The tithing issue and putting one's self in the submissive position of not being worthy is only a a branch. It's not the whole problem.

    I will stop now. I know that this is not a "mormon" blog but I don't want to offend anyone. I just want to voice my intolerance of something I feel should not be tolerated because of its ---------- aspect and dictates.

  8. Since I didn't go to the meeting, i didn't know about this. Wow. Tightening the noose. Did they add 4 new questions to the temple recommend list too?

  9. Thank you, Libellule. I think - I know - the reason I literally felt sick is because I felt the pain of disillusionment - disillusionment in something (the Church) that I have devoted my entire adult life to.

    Of course, my coming out and embracing my sexuality had already opened the door to this disillusionment; but that was something I felt *I* controlled. But with this new policy, I felt like the Church was rejecting *me* - something which I couldn't control.

    Beyond that, I felt a bit like Dorothy did when she discovered the real identity of the all-powerful wizard. Disillusionment leading very quickly to anger and, in my case, to sadness.

    I'm sad because the Gospel used to represent something very precious, very beautiful to me. Now, not so much, particularly with respect to the Church. And sad because, again, this is something I've devoted my whole adult life to, something that has been my source of meaning, of purpose.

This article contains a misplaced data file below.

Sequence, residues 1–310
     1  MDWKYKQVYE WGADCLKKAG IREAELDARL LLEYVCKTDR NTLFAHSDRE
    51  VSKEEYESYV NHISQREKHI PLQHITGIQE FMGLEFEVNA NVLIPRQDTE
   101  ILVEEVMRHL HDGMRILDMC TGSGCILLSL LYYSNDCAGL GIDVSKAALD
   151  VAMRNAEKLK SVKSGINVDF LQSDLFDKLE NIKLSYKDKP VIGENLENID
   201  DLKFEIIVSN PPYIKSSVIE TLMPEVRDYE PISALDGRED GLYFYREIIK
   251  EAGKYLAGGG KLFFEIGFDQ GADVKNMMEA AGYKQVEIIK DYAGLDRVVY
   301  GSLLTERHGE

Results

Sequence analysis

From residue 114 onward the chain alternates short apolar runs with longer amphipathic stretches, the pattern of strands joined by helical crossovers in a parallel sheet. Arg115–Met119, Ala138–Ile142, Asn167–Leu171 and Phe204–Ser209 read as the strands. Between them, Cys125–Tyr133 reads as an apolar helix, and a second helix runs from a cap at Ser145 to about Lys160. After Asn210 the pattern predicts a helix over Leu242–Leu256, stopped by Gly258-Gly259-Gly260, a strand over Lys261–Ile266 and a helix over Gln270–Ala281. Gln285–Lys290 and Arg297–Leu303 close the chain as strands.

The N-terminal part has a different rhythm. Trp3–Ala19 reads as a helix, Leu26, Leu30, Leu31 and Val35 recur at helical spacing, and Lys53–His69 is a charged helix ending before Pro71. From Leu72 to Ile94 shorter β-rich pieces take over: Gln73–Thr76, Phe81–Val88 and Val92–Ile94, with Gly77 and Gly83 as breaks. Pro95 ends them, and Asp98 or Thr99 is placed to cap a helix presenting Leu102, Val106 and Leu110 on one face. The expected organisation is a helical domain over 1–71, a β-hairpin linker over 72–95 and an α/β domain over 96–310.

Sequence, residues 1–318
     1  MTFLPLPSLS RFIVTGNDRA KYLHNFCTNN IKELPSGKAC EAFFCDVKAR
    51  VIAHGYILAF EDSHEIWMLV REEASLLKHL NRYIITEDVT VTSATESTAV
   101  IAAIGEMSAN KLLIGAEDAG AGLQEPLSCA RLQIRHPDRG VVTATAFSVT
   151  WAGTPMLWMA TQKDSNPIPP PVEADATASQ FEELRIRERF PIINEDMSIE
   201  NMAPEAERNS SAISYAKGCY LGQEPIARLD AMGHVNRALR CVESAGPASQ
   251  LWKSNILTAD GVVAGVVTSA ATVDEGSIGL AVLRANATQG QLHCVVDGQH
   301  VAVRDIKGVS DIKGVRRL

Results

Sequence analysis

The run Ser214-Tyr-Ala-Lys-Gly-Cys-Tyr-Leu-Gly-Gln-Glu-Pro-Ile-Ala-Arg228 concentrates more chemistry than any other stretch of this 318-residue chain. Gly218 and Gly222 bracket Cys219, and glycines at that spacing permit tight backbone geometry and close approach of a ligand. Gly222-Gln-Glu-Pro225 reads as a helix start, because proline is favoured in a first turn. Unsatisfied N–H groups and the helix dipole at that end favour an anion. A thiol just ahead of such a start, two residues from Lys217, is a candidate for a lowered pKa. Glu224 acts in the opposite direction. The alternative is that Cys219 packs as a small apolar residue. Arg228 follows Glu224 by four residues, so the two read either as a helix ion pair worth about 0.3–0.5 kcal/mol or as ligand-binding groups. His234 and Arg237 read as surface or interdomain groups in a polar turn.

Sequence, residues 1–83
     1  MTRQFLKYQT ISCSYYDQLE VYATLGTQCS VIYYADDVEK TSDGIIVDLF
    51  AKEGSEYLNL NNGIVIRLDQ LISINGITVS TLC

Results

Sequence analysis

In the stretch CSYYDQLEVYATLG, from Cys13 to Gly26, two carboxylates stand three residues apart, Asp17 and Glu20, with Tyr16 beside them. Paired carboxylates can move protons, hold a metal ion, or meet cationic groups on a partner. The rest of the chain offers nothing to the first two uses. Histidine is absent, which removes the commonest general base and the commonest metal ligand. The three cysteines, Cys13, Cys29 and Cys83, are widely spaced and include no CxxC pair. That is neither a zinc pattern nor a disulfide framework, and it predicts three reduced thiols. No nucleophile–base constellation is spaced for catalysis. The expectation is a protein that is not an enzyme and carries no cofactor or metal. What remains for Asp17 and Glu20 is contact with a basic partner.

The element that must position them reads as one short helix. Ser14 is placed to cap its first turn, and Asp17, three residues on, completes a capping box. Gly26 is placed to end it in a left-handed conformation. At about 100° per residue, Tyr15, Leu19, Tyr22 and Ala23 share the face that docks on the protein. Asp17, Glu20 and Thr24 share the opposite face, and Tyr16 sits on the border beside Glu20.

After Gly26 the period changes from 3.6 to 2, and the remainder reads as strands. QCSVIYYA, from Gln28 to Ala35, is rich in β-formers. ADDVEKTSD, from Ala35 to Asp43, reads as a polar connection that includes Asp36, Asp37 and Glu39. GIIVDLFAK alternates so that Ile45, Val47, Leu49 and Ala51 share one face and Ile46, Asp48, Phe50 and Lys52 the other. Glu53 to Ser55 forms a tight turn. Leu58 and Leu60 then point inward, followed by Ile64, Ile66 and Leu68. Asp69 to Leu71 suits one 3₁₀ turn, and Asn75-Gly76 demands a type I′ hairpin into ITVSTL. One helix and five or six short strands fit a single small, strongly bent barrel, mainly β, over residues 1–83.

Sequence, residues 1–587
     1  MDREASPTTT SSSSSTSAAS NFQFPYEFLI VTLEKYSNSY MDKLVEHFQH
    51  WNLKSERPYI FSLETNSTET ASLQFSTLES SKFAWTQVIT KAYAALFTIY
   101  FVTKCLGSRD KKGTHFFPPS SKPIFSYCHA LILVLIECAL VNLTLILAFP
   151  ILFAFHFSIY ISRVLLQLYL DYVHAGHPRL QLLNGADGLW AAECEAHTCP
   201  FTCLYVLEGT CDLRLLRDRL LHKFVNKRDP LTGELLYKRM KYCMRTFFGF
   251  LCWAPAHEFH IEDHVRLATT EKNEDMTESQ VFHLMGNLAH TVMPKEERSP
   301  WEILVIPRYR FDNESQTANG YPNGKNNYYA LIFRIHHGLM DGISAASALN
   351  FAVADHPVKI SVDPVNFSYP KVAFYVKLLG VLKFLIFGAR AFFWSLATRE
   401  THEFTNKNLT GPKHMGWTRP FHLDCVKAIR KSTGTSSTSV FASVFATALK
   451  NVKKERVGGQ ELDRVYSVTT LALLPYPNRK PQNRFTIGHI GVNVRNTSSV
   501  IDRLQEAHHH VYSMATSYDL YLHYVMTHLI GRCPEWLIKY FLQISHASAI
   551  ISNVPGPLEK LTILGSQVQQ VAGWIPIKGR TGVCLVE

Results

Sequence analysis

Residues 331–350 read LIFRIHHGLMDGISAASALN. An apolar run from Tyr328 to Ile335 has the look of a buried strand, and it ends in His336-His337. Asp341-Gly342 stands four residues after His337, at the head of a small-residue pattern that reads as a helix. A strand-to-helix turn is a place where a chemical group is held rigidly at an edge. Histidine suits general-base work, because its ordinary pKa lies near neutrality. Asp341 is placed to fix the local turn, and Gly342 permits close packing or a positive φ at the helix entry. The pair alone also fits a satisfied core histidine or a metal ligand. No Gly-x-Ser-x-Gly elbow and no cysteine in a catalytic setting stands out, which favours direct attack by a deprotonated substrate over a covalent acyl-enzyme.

Now, as you say, perhaps all of this is for the best. I must find my *own* way and live up to my moniker of pilgrim, finding my Self and learning to love and trust my Self.

  10. Hey Joe Conflict - I don't know about new TR questions. MoHoHawaii has been posting about the new handbook, and his blog would be a good place to look.

  11. What you say makes total sense and your sadness is authentic and justified. It speaks to your sincerity.

    If I may say something, that is always easier to hear than to digest:
    I guess that having devoted your entire adult life to this is not a loss because it has created who you are today. Although this person is you are is sifting through parts to keep and parts to not keep, this experience with the church wasn't an end in itself: just a brick on the yellow brick road.